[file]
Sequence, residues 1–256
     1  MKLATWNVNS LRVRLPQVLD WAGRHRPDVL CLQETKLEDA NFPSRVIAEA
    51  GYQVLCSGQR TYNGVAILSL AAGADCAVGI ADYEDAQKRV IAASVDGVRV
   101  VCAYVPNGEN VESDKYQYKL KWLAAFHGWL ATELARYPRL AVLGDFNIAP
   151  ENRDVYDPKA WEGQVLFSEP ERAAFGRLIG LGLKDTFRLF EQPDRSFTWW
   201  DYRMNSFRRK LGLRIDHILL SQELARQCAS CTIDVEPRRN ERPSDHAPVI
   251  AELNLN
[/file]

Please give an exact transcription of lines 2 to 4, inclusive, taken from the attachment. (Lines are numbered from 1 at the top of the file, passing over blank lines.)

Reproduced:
     1  MKLATWNVNS LRVRLPQVLD WAGRHRPDVL CLQETKLEDA NFPSRVIAEA
    51  GYQVLCSGQR TYNGVAILSL AAGADCAVGI ADYEDAQKRV IAASVDGVRV
   101  VCAYVPNGEN VESDKYQYKL KWLAAFHGWL ATELARYPRL AVLGDFNIAP